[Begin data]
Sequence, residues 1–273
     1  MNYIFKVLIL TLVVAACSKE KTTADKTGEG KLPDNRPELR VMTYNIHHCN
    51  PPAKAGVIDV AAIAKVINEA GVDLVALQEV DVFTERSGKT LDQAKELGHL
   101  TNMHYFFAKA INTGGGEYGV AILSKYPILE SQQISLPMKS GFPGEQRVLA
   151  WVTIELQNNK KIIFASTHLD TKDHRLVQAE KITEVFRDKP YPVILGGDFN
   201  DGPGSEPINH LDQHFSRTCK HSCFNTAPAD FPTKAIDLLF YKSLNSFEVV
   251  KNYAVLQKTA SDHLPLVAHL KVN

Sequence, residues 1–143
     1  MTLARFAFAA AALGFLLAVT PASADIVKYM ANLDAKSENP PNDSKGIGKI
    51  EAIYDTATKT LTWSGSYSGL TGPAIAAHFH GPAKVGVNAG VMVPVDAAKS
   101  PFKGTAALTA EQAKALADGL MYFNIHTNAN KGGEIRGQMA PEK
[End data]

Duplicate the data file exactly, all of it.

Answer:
Sequence, residues 1–273
     1  MNYIFKVLIL TLVVAACSKE KTTADKTGEG KLPDNRPELR VMTYNIHHCN
    51  PPAKAGVIDV AAIAKVINEA GVDLVALQEV DVFTERSGKT LDQAKELGHL
   101  TNMHYFFAKA INTGGGEYGV AILSKYPILE SQQISLPMKS GFPGEQRVLA
   151  WVTIELQNNK KIIFASTHLD TKDHRLVQAE KITEVFRDKP YPVILGGDFN
   201  DGPGSEPINH LDQHFSRTCK HSCFNTAPAD FPTKAIDLLF YKSLNSFEVV
   251  KNYAVLQKTA SDHLPLVAHL KVN

Sequence, residues 1–143
     1  MTLARFAFAA AALGFLLAVT PASADIVKYM ANLDAKSENP PNDSKGIGKI
    51  EAIYDTATKT LTWSGSYSGL TGPAIAAHFH GPAKVGVNAG VMVPVDAAKS
   101  PFKGTAALTA EQAKALADGL MYFNIHTNAN KGGEIRGQMA PEK